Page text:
When you still live in your childhood (or teenagerhood) home everything is familiar. The routines, the responsibilities (or lack thereof), the people, and, yes, even the boredom is familiar. I could waste hours from my cozy spot on the couch watching nothing but Property Brothers and Rehab Addict reruns. I wouldn’t even bat an eyelash at that. But now, now I’m in a new city. I’ve moved into an apartment, shared with three people I had never met before, and I have to admit: it’s kind of boring.
I don’t know anyone in this city. And even if I never saw people when I lived at home, it was somehow less lonely and boring than this. Maybe is was the constant companionship of my cat, or my dad, but whatever it was, I kind of think it was better. When I lived at home, I knew everything there was to do in town, and I could happily abstain. Here, I don’t know what there is to do (besides go to an abundance of new restaurants) and it, for lack of better word, sucks.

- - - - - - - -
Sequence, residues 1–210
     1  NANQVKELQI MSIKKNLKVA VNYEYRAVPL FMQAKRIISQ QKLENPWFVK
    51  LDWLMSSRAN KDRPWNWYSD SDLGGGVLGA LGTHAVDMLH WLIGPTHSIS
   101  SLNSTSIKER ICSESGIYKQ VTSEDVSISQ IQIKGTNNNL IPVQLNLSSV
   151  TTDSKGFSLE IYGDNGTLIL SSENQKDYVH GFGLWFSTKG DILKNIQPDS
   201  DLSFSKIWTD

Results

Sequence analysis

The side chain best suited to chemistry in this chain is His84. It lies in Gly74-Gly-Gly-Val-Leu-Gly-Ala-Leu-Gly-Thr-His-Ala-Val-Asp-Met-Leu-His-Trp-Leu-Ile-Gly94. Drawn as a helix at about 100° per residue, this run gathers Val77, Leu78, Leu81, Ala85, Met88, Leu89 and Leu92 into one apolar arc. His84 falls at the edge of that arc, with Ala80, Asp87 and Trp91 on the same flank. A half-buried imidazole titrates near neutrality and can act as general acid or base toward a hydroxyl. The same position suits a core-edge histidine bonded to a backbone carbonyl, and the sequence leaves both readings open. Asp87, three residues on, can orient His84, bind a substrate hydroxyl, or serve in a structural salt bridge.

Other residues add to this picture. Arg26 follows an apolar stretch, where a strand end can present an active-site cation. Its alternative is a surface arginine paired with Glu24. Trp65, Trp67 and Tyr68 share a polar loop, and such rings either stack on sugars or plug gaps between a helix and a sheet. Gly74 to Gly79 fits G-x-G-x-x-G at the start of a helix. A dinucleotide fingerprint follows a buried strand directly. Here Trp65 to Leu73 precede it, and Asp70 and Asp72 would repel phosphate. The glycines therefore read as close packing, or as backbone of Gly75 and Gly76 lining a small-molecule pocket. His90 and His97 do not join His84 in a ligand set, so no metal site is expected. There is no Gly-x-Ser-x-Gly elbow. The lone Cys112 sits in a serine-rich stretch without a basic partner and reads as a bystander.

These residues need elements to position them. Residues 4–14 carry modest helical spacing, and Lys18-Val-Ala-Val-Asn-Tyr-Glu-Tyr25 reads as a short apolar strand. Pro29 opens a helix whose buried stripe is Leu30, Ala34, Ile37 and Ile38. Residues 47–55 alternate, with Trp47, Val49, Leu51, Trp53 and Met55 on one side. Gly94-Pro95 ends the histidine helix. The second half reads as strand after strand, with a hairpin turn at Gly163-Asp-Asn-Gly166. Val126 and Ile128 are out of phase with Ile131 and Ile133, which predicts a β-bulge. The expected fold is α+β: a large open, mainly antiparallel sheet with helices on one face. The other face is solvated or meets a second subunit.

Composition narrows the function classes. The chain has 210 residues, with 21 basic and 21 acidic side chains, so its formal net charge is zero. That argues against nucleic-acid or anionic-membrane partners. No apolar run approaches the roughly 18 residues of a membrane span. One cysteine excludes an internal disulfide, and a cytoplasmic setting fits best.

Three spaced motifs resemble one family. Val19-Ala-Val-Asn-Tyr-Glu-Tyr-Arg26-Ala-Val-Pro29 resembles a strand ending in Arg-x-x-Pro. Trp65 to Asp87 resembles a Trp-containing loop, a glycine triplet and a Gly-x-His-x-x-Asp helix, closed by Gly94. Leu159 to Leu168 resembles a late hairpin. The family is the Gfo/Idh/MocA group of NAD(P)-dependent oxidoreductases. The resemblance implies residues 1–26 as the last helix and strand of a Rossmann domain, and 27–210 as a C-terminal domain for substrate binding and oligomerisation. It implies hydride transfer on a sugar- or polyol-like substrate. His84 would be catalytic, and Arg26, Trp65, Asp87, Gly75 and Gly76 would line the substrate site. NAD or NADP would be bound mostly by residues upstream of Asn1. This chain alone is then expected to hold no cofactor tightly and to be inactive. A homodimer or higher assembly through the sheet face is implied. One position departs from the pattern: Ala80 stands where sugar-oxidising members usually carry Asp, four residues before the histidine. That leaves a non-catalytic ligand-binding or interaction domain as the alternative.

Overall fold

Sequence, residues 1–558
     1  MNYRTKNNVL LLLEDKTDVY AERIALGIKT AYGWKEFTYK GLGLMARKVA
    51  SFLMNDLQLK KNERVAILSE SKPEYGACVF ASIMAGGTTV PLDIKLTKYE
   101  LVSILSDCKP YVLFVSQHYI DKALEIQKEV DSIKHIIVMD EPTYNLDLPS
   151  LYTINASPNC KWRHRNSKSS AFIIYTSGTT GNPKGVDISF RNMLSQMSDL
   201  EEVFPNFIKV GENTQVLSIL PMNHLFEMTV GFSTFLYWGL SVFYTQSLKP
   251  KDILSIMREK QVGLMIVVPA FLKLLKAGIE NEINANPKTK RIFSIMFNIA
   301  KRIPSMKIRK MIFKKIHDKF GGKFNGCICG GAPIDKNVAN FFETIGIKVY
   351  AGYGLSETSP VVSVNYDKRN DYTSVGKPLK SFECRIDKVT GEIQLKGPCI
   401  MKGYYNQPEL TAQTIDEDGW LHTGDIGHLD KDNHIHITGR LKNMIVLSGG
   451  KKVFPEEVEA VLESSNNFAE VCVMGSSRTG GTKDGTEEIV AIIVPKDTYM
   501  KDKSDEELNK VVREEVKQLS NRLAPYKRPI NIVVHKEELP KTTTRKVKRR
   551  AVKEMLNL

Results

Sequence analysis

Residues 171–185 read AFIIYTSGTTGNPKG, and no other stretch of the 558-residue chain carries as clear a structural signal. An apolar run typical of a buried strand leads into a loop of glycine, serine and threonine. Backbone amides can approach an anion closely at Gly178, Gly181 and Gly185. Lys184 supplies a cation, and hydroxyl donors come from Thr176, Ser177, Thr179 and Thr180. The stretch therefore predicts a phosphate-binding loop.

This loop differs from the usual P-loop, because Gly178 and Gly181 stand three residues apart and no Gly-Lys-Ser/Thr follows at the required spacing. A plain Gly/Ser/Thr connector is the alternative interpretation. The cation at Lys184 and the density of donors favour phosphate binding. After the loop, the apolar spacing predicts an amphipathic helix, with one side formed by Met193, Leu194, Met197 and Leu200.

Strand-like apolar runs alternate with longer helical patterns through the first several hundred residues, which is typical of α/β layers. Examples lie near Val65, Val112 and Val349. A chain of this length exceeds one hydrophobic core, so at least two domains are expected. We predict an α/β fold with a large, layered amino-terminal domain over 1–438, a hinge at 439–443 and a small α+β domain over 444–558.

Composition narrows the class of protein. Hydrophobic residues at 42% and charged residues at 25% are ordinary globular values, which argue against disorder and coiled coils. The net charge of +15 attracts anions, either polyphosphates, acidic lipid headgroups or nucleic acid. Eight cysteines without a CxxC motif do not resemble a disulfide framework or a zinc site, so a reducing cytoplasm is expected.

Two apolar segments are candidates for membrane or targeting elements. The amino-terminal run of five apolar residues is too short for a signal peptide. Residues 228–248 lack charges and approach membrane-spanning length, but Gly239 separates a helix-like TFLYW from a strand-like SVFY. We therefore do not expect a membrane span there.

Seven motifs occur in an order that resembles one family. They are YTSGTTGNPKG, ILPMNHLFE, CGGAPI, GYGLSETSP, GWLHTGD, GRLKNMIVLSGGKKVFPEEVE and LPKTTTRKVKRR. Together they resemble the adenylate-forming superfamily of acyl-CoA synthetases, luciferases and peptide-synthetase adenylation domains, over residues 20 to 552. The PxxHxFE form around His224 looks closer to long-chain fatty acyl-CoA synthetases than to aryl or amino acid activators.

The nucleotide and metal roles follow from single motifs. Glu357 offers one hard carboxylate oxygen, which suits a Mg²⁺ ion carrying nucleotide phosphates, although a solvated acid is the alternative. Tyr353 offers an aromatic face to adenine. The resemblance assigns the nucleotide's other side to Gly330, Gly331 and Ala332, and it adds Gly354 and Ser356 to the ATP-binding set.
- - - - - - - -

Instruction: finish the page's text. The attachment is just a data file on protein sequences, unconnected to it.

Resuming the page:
Now that I’m living closer to Manhattan (yay! Only 45-60 minutes to work instead of 120-150 minutes) I have more free time on my hands, and yet less activities to fill my hands with. I’ve been looking for classes to take or social activities to pick up, but not much is coming to mind. And because of the shortened commute, I have more energy and yet no where to spend it.
I need ideas. What is it people do in cities (on a pretty tight budget, I might add) to meet people when you’re starting from scratch?
The only thing I know right now is that there is an indie bookstore downtown and I plan on visiting that soon.